In addition to the differences in velocity and arm angle, my take is that a cutter should stay on the same plane and have late movement. Meanwhile, a slider should have more movement throughout the trip to the plate and should go through multiple planes.

Perhaps no one in history has been more famous than Mariano Rivera for throwing the cutter. Here’s a gif of him in action on July 12th against the Twins. BrooksBaseball classified each of the nine pitches he threw in the outing as a cutter.

Meanwhile, here’s Torres in his first start against the Pirates. This is the second pitch to Pedro Alvarez in the second inning, which BrooksBaseball also classified as a cutter.

Torres’ pitch has much earlier break than Rivera’s and also goes down in the zone while Rivera’s stays on the same plane. That’s why I think it’s a slider.

The bottom line is that it doesn’t make any difference what Torres, the PITCHf/x guys or we call it – the pitch has been extremely useful for Torres and explains how this 30-year-old journeyman has had such great success this season.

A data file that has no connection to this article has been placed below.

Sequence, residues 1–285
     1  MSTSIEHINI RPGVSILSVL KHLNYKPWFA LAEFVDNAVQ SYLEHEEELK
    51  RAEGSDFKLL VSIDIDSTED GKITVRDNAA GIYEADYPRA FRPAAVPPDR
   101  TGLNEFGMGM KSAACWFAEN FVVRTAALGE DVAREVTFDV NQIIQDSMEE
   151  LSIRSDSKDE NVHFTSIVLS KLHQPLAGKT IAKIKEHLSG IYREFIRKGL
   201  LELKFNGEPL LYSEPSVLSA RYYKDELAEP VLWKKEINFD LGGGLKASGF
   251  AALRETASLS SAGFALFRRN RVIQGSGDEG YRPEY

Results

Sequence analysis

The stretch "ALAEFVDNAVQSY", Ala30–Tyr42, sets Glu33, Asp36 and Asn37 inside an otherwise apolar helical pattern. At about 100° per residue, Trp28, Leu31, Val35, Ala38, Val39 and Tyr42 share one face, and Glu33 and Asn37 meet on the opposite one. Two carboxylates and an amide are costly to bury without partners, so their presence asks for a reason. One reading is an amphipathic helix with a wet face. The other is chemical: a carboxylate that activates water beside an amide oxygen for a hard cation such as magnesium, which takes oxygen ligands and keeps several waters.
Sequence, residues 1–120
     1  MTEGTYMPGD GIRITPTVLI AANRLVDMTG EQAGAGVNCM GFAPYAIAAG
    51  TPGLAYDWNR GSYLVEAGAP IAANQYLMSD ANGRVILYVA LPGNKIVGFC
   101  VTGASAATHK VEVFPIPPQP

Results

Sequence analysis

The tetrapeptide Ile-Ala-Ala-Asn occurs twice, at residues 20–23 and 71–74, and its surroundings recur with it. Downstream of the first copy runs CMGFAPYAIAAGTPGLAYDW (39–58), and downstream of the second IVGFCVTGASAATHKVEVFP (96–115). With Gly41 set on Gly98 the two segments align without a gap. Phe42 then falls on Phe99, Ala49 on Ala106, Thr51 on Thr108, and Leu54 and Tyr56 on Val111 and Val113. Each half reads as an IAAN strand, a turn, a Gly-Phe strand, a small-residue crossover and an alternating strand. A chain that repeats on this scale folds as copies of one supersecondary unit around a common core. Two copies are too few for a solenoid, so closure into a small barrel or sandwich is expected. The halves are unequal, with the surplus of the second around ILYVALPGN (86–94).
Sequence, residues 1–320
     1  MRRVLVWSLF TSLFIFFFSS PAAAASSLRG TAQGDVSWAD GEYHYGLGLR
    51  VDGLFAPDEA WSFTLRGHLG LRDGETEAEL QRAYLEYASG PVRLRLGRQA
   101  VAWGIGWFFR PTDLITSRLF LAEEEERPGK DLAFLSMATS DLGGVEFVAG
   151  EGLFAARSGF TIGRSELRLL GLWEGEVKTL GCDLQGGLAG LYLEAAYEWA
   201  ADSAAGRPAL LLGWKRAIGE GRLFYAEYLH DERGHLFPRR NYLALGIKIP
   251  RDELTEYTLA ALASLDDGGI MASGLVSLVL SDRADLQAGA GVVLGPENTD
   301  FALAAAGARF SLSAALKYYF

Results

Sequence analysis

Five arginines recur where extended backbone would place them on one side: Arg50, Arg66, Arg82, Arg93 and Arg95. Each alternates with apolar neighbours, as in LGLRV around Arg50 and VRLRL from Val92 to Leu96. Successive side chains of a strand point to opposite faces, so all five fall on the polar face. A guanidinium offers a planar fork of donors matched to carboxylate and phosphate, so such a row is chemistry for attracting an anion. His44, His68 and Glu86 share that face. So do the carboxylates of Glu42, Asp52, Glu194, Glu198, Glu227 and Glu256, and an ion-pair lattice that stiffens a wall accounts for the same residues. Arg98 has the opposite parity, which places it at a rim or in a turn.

In the process he’s come out smelling like a rose.

3 comments for “What exactly is Carlos Torres’ off-speed pitch?

  1. NormE
    July 23, 2013 at 2:26 pm

    Brian, very interesting article.
    It seems to me that location and speed variance are just as important as the slider/cutter/curve/fastball,change-up designation. With some pitchers (not named Mariano Rivera) it’s how they set up the batter. Sometimes it’s as simple as knowing that a certain hitter can’t hit that
    particular pitcher’s fastball, etc.
    I think that some of the announcers sneak a peak at the radar gun readings before deciding how to classify a certain pitch.
    Your “bottom line” comment sums it up very well.

  2. Za
    July 24, 2013 at 10:45 am